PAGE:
Where can smaller brokers and insurers start when it comes to AI?

It’s the biggest of tech buzzwords, but should all firms be jumping on the bandwagon?

Where can smaller brokers and insurers start when it comes to AI?


By Lucy Hook

AI and machine learning are big buzzwords today – but it can be difficult to know where to begin when it comes to harnessing the technology within your business.

Increases in computer power, greater investments in algorithms, and growth in the availability of data are democratising AI today and putting ‘supercomputing’ ability in the hands of businesses, according to Celent.

In a new report looking at the use of AI within the insurance sector, the firm found that new tools and the cloud mean more people than ever can create AI solutions, and insurers are leveraging this in their own projects.

“AI has been around for decades. But what’s happening at the minute is that there are a lot of useful things that are coming out of AI,” Craig Beattie, senior analyst at Celent, told Insurance Business.

Even just a few years ago, many AI tools were still used mostly in universities and required a comprehensive understanding of programming languages. Today, however, there are more opportunities for the ‘citizen’ data scientist – those without an extensive data science background.

While many large organisations today will have their own in-house AI teams, the opportunities for small and mid-sized firms have grown as machine learning and adaptive algorithms become easier to use and deploy.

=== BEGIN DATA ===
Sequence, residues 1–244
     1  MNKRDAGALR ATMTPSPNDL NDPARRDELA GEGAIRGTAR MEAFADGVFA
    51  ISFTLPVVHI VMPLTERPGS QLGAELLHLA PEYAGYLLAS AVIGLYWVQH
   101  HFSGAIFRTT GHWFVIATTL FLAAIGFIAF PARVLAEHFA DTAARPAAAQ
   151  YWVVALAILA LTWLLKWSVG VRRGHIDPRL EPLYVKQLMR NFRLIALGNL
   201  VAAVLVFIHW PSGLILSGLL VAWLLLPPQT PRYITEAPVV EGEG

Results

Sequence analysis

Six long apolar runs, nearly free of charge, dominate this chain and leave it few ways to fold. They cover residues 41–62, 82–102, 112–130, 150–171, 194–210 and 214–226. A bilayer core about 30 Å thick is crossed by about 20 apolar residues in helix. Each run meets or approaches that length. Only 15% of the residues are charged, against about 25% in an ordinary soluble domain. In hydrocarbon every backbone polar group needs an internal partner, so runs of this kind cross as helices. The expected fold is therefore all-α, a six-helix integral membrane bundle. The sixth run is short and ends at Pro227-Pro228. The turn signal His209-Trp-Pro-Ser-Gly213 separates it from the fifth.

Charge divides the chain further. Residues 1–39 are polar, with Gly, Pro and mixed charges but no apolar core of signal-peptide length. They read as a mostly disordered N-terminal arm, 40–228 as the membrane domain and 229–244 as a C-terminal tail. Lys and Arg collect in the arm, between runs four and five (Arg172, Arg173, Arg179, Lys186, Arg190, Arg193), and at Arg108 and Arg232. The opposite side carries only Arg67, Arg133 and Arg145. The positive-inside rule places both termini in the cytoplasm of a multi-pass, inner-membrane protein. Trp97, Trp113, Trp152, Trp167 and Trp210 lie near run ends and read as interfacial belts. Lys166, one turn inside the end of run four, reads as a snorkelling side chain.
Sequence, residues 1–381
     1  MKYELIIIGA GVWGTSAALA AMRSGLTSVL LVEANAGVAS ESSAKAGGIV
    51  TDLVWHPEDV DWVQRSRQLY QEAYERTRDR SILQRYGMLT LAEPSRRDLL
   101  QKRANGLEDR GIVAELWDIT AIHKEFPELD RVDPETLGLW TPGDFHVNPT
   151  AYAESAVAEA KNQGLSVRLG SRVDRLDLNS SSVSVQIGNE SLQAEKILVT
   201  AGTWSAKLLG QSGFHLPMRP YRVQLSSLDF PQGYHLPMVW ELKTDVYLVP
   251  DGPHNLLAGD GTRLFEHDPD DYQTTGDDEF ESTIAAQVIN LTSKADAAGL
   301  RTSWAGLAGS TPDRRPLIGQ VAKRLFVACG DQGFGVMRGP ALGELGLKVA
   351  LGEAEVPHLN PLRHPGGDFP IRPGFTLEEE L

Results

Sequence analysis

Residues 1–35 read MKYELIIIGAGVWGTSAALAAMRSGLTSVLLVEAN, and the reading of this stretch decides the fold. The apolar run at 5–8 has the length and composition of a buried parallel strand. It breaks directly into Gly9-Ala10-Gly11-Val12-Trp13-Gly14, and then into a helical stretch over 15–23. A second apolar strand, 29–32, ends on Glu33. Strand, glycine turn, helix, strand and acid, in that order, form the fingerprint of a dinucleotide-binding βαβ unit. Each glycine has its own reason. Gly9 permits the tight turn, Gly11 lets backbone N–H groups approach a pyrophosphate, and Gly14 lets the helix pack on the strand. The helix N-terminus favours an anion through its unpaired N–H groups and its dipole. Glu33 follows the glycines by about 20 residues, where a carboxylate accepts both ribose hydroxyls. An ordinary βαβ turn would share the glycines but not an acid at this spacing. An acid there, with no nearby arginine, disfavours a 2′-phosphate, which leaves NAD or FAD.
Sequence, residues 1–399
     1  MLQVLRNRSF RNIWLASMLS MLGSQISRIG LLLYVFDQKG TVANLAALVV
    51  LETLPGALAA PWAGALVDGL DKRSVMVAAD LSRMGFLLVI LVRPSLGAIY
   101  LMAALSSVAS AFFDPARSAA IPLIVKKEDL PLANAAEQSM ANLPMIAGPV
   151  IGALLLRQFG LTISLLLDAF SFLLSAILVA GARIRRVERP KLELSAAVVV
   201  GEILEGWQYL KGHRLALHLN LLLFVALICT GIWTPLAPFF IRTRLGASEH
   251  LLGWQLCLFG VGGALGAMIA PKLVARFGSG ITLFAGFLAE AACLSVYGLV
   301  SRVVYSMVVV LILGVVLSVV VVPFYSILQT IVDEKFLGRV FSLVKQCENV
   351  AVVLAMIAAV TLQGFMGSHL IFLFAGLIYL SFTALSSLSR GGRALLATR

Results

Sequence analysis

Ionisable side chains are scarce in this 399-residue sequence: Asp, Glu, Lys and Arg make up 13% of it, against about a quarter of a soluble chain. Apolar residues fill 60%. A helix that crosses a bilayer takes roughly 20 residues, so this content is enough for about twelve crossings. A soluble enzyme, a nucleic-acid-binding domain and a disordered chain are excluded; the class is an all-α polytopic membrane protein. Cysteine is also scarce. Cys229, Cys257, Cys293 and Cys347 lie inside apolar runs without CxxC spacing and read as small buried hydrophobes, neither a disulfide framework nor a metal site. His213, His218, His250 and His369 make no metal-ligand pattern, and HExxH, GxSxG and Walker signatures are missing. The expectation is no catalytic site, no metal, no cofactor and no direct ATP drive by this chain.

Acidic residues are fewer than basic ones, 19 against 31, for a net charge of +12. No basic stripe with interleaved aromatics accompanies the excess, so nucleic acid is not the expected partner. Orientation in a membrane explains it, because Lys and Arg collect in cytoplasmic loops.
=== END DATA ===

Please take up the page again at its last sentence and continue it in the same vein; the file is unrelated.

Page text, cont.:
“The great benefit for AI at the moment isn’t just in it giving you an insight and you saying, oh that’s interesting. It’s in automation. It’s in activities where a machine has an advantage over a human being and they can augment the process. Not necessarily replace the human, but certainly make the process better,” said Beattie.

For smaller insurers and brokers, there are some technologies that will be cheaper and easier to implement than AI and machine learning, and which could save weeks of man-hours per year, according to the analyst.

“If you’re on a digital journey or an automation journey, have a look at some of the cheaper, easier stuff right now… They are much more certain of a delivery, much easier to implement, and you need a lower level of understanding in order to implement those,” he said.

However, for those that are already further down the line, AI could offer some serious benefits in automation and cost-cutting.

“I’ve talked to multiple start-ups in the insurtech area who have said, if we hadn’t been able to use AI to automate this part of the process, we wouldn’t have been able to scale,” said Beattie.



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